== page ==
An Erwinia amylovora yjeK mutant exhibits reduced virulence, increased chemical sensitivity and numerous environmentally dependent proteomic alterations

Sara M. Klee, Islam Mostafa, Sixue Chen, Craig Dufresne, brian L. Lehman, Judith P. Sinn, Kari A. Peter, Timothy W. McNellis

Research output: Contribution to journalArticle

8 Scopus citations

Abstract

The Gram-negative bacterium Erwinia amylovora causes fire blight, an economically important disease of apples and pears. Elongation factor P (EF-P) is a highly conserved protein that stimulates the formation of the first peptide bond of certain proteins and facilitates the translation of certain proteins, including those with polyproline motifs. YjeK and YjeA are two enzymes involved in the essential post-translational β-lysylation of EF-P at a conserved lysine residue, K34. EF-P, YjeA and YjeK have been shown to be essential for the full virulence of Escherichia coli, Salmonella species and Agrobacterium tumefaciens, with efp, yjeA and yjeK mutants having highly similar phenotypes. Here, we identified an E. amylovora yjeK::Tn5 transposon mutant with decreased virulence in apple fruit and trees. The yjeK::Tn5 mutant also showed pleiotropic phenotypes, including reduced growth in rich medium, lower extracellular polysaccharide production, reduced swimming motility and increased chemical sensitivity compared with the wild-type, whilst maintaining wild-type level growth in minimal medium. All yjeK::Tn5 mutant phenotypes were complemented in trans with a plasmid bearing a wild-type copy of yjeK. Comprehensive, quantitative proteomics analyses revealed numerous, environmentally dependent changes in the prevalence of a wide range of proteins, in higher abundance and lower abundance, in yjeK::Tn5 compared with the wild-type, and many of these alterations could be linked to yjeK::Tn5 mutant phenotypes. The environmental dependence of the yjeK::Tn5 mutant proteomic alterations suggests that YjeK could be required for aspects of the environmentally dependent regulation of protein translation. YjeK activity may be critical to overcoming stress, including the challenging host environment faced by invading pathogenic bacteria.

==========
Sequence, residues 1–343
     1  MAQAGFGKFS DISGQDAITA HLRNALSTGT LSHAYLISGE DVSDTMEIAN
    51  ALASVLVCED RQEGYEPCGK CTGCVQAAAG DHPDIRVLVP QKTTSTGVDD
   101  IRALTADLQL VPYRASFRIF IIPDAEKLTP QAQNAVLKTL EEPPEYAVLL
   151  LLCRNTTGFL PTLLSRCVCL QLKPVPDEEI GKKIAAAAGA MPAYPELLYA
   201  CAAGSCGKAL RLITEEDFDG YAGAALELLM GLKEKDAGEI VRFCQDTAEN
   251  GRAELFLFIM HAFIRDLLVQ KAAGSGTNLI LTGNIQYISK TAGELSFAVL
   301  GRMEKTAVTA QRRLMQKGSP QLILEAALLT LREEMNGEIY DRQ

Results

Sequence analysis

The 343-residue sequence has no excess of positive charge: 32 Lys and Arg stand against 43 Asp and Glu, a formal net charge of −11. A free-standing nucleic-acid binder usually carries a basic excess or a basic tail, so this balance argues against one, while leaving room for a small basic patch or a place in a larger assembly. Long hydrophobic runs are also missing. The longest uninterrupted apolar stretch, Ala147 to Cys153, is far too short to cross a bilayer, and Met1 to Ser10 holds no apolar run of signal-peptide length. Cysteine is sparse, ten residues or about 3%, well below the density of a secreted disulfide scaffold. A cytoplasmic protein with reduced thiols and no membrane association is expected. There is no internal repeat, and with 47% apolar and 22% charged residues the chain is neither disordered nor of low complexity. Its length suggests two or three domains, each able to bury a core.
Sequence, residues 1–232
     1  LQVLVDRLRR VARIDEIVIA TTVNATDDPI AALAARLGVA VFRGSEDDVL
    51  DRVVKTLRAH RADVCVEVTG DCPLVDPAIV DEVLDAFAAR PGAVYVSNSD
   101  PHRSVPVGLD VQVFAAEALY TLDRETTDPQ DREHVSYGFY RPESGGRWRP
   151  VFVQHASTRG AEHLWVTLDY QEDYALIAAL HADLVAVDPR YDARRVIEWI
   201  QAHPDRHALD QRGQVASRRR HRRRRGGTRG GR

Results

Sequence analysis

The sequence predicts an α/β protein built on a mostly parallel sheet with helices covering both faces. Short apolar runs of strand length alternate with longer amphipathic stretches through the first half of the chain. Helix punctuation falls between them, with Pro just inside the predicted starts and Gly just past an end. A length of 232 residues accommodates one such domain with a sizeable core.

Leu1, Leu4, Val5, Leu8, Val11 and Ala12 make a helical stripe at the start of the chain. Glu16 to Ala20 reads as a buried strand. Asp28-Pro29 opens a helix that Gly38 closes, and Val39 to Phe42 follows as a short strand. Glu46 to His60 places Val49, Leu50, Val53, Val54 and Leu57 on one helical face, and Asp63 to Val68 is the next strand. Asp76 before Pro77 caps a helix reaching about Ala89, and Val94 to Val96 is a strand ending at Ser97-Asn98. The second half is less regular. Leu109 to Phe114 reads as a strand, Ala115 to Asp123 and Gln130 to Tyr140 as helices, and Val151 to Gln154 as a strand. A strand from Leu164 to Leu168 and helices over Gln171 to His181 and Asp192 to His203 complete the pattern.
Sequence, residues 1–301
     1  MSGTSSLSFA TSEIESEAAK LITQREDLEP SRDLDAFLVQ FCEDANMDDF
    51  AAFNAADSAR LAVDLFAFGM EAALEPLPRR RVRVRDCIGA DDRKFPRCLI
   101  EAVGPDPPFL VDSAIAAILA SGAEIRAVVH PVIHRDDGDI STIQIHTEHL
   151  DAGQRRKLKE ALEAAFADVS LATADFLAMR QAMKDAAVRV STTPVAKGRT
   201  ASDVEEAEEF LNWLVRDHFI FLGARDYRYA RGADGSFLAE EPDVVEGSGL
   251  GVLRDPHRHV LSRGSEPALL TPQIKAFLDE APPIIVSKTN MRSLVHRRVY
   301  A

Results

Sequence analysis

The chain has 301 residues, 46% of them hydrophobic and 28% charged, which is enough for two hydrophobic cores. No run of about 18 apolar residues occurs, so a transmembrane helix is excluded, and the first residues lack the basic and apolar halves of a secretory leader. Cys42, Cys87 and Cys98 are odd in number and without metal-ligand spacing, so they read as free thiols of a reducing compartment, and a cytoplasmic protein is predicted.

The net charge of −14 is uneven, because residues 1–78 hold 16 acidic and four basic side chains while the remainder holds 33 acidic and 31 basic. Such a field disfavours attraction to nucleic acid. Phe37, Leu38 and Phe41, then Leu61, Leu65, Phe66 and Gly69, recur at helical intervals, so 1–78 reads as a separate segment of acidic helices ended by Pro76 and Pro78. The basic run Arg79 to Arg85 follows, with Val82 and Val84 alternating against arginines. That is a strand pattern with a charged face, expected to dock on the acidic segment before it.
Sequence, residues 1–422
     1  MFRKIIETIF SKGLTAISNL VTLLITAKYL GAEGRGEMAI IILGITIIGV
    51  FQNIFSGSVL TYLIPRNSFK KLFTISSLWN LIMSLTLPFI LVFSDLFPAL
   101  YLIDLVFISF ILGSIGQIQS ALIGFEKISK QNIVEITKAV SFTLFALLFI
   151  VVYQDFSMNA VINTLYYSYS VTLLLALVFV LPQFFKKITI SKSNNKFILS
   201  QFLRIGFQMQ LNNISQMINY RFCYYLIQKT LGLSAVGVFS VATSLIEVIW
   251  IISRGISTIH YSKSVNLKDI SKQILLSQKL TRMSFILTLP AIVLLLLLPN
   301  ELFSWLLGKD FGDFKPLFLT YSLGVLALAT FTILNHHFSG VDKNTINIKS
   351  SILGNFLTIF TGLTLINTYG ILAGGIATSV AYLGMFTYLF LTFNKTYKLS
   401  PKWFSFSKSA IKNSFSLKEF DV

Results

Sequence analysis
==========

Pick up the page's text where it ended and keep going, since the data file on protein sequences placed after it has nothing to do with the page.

Original languageEnglish (US)
Pages (from-to)1667-1678
Number of pages12
JournalMolecular plant pathology
Volume19
Issue number7
DOIs
StatePublished - Jul 2018

All Science Journal Classification (ASJC) codes

  • Molecular Biology
  • Agronomy and Crop Science
  • Soil Science
  • Plant Science

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